Balkanizing Pakistan: A Collective National Security Strategy
The argument for Balkanizing Pakistan or, more specifically, fragmenting the Islamic Republic so it's easier to police and economically develop, has been on the table since Pakistan's birth in 1947 when the country was spit out of a British laboratory. And lately, the concept is looking more appealing by the day, because as a result of flawed boundaries combined with the nexus between military rule and Islamic extremism, Pakistan now finds itself on a rapid descent toward certain collapse and the country's leaders stubbornly refuse to do the things required to change course. But before allowing Pakistan to commit state suicide, self-disintegrate and further destabilize the region, the international community can beat them to the punch and deconstruct the country less violently.
To quell any doubts about Pakistan's seemingly uncontrollable spiral into darkness, just recently, Foreign Policy Magazine ranked Pakistan as the tenth most failed state on earth and it would seem its leaders are hell bent on securing the number one slot - an honor it can add to their already dubious distinction as the world's largest incubator of jihadist extremism.
The most popular approach to fragmentation is to break off and allow Afghanistan to absorb Pakistan's North-West Frontier Province (NWFP) and the Federally Administered Tribal Areas (FATA), which would unite the Pashtun tribes(derecognise durand line which SS saran-durand line had suggested in sept 15 2010 article)
. In addition, the provinces of Balochistan and Sindh would become independent sovereign states, leaving Punjab as a standalone entity
Balkanization is based on the premise that the weak central government in Islamabad is incapable of governing Pakistan's frontiers, which have become the number one source of regional instability.
Punjabis who represent 40% of the population constitute 90% of the armed forces. Pakistan's own history provides a prime case study of what happens when an ethnic group can no longer tolerate political and economic disregard. After a quarter century of strife the Bengalis rebelled, seceded and founded Bangladesh in 1971.
Pakistan's problems began when the British drew its boundaries haphazardly, which was primarily a product of incompetence and haste than maniacal design. According to an article in the New York Times last year, British colonial officer, Sir Cyril Radcliffe was given six weeks to carve a Muslim-majority state from British India although he had never even been there before. Radcliffe's private secretary was quoted as saying that Sir Cyril "was a bit flummoxed by the whole thing. It was a rather impossible assignment, really. To partition that subcontinent in six weeks was absurd." It would be a comical anecdote except for the fact that hundreds of thousands of people died in the ethnic cleansing that followed as a direct result of British carelessness.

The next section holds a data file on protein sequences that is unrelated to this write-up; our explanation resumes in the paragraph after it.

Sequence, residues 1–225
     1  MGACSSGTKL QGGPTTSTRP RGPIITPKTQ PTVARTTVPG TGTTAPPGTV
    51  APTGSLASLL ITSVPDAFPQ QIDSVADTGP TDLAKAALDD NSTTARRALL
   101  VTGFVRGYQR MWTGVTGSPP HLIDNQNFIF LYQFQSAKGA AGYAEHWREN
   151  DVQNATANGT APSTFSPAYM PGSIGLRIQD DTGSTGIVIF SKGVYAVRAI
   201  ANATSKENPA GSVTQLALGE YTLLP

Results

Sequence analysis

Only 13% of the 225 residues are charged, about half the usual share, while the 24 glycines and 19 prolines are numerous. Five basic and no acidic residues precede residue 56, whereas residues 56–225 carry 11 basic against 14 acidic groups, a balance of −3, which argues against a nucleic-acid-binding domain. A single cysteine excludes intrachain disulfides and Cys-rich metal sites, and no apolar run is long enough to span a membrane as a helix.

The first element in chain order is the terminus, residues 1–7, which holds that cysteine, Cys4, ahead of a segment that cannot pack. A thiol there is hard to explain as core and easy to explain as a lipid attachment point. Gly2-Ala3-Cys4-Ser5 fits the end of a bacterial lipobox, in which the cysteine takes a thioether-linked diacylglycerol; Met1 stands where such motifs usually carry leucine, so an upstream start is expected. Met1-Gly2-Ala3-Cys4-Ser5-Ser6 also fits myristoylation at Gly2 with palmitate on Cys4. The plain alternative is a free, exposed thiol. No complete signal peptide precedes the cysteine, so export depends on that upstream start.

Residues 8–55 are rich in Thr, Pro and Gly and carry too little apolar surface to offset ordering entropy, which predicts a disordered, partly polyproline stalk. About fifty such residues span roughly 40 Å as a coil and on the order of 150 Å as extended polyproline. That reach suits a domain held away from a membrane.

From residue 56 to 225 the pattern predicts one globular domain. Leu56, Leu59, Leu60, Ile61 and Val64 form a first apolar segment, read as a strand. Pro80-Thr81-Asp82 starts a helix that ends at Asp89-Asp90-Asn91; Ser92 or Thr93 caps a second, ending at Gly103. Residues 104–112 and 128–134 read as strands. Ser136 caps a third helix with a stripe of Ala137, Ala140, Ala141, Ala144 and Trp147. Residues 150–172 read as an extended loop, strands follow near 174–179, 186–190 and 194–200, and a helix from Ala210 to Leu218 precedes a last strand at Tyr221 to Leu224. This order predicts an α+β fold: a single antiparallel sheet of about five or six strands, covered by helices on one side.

Pakistan's border with Afghanistan - the poorly-marked Durand Line - had been drawn in 1893, also by the British, but it was never meant to be a long-term legally-binding boundary.
what is in a name.
Hitchens also said the country was doomed to be a dysfunctional military theocracy from day one - beginning with the very name of the country itself:
But then, there is a certain hypocrisy inscribed in the very origins and nature of "Pakistan". The name is no more than an acronym, confected in the 1930s at Cambridge University by a NW Muslim propagandist named Chaudhri Rahmat Ali. It stands for Punjab, Afghania, Kashmir, and Indus-Sind, plus the suffix "-stan," meaning "land." In the Urdu tongue, the resulting word means "Land of the Pure."
Pakistan is one of the clearest demonstrations of the futility of defining a nation by religion, and one of the textbook failures of a state and a society.
(gun to its own head syndrome)
Yet, based on its strategic decision to foster extremism and its recent public support for Taliban rule in Afghanistan, it appears the biggest existential threat to Pakistan is its own political and military leaders.
I contacted an Afghan intelligence analyst about this and he assessed General Kayani's claim with one single word: rubbish. The Pakistan army consists of 500,000 active duty troops and another 500,000 on reserve. If Pakistan truly wanted to capture the Haqqani Network they would be able to drag them out of their caves by their beards within a few days.
However, there is a higher probability of General Kayani converting to Hinduism than there is of the Haqqani Network ever being decoupled from Al Qaeda.
An Institute for the Study of War analysis concluded that Haqqani was "irreconcilable" and negotiations with him would actually strengthen Al Qaeda and would undermine the raison d'etre for U.S. involvement in Afghanistan over the past decade.
Nine years, nearly $300 billion dollars and 1900 dead coalition soldiers later, the U.S. has officially verified that the entire war effort has been focused on the wrong side of the mountains.
A stable Afghanistan is in Pakistan's best interests, but this message has been preached time and again with little to no results, and the U.S. has waited long enough for Pakistan's leaders to uproot the extremists that orchestrated 9/11. But now, it appears as if the international community will have to do it for them.
Looks like the end result of balkanisation is good for everyone but the reason west wants -- protection from TSP attacks on the west onlee.
India will not complain if TSP commits suicide helped by west in the process.